Developing management strategies for tree improvement programs under climate change: Insights gained from long-term field trials with lodgepole pine

Gray, L. K., et al., 2016. Forest Ecology and Management

Original research (primary data)
View External Publication Link


The growing concern of the impact of climate change in forestry has prompted tree improvement programs and regulatory agencies to integrate climate change adaptation in the production and use of tree seed. In support of such adaptation strategies, we conducted a case study for lodgepole pine (Pinus contorta Dougl.) in Alberta, Canada. We compared the tree height for populations and families planted across 37 progeny and provenance trials when transferred among six physiogeographically and climatically distinct breeding regions. Based on these results we infer how lodgepole populations and families are adapted to current climate conditions and how they might respond to future changes in climate. Interestingly, in almost all regions we found that local populations grew better than introduced sources, suggesting that in the current climate the use of local populations is still an appropriate reforestation strategy with some exceptions. Notably, in cool and wet higher elevation environments (between 1050 and 1650 m), local populations were outgrown by populations originating from warmer lower elevation regions. Moreover, these higher elevation populations were always outgrown when transferred to other regions. A number of transfers among regions were identified that ensure productivity gains under recent climate conditions, and simultaneously represent a short term adaptation measure for warming of about +0.5 degrees C. Further, we provide a database for selection of families within breeding populations to enhance their resilience to climate change.

Case studies

Basic information

  • Case ID: INT-155-1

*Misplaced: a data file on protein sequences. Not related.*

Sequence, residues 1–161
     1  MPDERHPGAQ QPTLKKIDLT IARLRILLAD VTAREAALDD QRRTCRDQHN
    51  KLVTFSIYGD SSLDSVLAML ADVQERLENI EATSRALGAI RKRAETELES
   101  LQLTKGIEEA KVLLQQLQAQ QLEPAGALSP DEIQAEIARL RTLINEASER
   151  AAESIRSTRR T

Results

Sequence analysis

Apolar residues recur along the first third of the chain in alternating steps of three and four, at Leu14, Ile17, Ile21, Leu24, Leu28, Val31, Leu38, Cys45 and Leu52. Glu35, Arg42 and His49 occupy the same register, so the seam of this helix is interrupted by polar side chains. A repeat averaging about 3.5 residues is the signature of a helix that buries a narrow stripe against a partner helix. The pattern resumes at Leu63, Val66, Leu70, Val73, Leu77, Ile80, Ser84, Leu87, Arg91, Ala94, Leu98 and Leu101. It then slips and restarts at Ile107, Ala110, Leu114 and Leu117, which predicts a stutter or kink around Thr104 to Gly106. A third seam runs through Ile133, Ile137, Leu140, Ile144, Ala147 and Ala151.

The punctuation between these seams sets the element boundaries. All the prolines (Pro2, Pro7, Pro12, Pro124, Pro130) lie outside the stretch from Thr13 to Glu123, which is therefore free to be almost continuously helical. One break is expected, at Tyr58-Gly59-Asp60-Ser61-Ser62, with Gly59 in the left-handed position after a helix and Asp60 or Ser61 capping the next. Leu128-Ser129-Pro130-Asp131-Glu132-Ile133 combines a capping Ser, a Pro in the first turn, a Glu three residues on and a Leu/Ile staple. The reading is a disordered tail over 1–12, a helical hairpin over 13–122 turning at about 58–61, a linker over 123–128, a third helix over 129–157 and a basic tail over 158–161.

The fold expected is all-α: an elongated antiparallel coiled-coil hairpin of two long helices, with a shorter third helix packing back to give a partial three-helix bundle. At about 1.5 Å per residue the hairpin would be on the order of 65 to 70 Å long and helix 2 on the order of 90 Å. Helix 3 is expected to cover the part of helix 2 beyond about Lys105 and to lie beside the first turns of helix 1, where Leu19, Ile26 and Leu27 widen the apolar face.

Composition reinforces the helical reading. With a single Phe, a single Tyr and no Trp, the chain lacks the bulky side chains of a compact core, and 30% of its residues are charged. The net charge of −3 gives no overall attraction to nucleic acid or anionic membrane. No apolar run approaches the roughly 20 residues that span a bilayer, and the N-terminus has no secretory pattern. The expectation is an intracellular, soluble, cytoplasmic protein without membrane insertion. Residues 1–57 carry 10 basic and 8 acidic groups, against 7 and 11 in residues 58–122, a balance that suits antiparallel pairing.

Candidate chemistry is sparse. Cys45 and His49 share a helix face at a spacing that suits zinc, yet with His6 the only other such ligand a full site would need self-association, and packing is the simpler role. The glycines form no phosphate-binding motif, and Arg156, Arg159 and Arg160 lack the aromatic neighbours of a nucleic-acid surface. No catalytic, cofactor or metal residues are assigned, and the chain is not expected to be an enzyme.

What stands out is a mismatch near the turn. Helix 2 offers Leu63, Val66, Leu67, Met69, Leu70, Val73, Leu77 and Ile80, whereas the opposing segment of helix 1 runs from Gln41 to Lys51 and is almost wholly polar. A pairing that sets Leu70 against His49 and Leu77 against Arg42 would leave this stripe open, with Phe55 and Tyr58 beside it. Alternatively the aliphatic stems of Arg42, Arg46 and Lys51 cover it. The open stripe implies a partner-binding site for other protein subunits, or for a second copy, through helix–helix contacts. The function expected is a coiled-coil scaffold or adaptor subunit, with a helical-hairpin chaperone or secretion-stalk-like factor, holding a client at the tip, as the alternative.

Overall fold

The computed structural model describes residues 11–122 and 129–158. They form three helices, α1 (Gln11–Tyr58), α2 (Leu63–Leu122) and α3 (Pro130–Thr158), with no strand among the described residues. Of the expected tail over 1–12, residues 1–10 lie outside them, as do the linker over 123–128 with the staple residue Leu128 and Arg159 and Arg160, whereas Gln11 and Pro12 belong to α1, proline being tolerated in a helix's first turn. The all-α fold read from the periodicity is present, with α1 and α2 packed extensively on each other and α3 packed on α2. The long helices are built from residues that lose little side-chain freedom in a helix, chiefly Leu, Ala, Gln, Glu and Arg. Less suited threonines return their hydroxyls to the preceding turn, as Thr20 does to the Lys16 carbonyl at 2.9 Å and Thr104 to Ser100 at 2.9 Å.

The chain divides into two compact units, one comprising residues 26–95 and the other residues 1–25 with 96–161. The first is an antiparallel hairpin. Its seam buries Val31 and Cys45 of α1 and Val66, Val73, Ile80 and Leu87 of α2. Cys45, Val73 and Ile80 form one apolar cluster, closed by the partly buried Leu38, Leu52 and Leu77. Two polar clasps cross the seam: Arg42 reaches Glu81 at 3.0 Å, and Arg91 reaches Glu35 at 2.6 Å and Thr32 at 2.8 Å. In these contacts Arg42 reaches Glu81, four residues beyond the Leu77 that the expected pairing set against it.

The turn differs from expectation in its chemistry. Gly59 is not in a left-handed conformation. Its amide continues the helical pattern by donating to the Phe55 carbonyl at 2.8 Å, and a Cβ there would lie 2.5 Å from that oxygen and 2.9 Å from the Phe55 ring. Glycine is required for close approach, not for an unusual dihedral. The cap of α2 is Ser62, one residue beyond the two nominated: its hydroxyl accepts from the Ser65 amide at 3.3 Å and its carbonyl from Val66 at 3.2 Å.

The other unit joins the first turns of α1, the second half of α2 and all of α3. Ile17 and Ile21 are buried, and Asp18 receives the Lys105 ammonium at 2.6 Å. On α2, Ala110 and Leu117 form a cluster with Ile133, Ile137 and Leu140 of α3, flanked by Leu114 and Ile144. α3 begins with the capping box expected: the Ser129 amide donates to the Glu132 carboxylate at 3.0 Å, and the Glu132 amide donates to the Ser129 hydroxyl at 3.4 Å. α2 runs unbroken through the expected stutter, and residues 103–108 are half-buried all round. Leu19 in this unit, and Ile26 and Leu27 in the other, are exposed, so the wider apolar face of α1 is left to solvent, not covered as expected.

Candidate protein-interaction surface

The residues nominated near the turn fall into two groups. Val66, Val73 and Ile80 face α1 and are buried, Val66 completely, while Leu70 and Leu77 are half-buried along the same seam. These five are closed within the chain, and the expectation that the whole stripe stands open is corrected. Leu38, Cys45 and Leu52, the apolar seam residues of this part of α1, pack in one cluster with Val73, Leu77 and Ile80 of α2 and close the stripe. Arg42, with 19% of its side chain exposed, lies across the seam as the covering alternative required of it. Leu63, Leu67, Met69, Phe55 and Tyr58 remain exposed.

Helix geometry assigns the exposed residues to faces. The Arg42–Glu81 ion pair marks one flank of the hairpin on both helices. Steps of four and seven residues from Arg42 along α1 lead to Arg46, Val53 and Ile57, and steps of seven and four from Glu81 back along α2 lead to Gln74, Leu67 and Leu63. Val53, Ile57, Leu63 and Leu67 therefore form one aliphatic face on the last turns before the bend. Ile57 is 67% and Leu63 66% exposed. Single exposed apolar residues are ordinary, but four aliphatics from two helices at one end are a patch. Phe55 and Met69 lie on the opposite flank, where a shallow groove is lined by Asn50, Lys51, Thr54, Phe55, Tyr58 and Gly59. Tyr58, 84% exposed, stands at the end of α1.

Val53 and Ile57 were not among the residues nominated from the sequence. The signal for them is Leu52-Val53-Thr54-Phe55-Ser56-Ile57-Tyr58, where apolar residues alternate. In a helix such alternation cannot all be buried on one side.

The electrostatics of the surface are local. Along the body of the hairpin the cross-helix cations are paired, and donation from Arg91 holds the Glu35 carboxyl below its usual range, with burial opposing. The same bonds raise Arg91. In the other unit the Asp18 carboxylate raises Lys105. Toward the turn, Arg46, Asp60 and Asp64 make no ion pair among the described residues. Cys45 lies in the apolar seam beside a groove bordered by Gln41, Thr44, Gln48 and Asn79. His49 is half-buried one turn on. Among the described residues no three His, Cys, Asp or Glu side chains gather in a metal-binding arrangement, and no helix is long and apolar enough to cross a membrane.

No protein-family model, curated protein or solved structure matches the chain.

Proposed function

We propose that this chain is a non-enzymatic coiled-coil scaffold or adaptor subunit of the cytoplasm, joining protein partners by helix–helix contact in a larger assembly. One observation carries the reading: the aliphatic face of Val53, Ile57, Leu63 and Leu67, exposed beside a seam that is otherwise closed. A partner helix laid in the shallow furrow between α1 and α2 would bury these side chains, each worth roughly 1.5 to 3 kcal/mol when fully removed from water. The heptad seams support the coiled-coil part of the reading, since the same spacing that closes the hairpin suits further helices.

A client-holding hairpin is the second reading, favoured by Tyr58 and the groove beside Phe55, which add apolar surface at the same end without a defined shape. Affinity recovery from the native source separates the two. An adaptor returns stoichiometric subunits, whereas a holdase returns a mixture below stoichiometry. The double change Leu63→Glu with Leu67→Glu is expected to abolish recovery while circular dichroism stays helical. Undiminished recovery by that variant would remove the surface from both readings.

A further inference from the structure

• Intervention type: Management
  • Intervention description:

    Assisted migration 29 trials (10 series) across 27 locations across 6 breeding regions + data from 6 series of provenance trials (8 trials across 8 locations). The objective of this study was to compare how local progenies faired vs introduced sources, and assess potential of assisted migration to sustain biomass productivity in the face of climate change. The authors synthesize findings from these lodgepole pine translocation experiments across alberta (boreal and sub-boreal) to assess whether assisted migration could be effective to adapt to climate change. The individual trials are not coded for as distinct locations, and in our map boreal and sub-boreal fit under the same habitat type. It was coded for as 1 intervention.

  • Landscape/sea scape ecosystem management: No
  • Climate change impacts Effect of Nbs on CCI Effect measures
    Loss of timber production  Positive Height of populations relative to local sources when transferred among breeding regions, including the effects of transferring populations within and among breeding regions.
  • Approach implemented in the field: Yes
  • Specific location:

    6 lodgepole pine breeding regions in Alberta, Canada

  • Country: Canada
  • Habitat/Biome type: Boreal forests and taiga |
  • Issue specific term: Not applicable


  • Notes on intervention effectivness: Effectiveness is based on the synthesis findings from these lodgepole pine translocation experiments across alberta (boreal and sub-boreal) to assess whether assisted migration could be effective to adapt to climate change. Based on the results of the trials the authors deduce that “transfers that entail a moderate shift in temperature, equivalent to approximately 0.5 C warming, had a uniformly positive effect”
  • Is the assessment original?: Yes
  • Broadtype of intervention considered: Not applicable
  • Compare effectivness?: No
  • Compared to the non-NBS approach: Not applicable
  • Report greenhouse gas mitigation?: No
  • Impacts on GHG: Not applicable
  • Assess outcomes of the intervention on natural ecosystems: No
  • Impacts for the ecosystem: Not reported
  • Ecosystem measures: N/A
  • Assess outcomes of the intervention on people: No
  • Impacts for people: Not reported
  • People measures: N/A
  • Considers economic costs: No
  • Economic appraisal conducted: No
  • Economic appraisal described:
  • Economic costs of alternative considered: No
  • Compared to an alternative: Not reported

Evaluation methodology

  • Type of data: Quantitative
  • Is it experimental: Yes
  • Experimental evalution done: In-situ/field
  • Non-experimental evalution done: Not applicable
  • Study is systematic: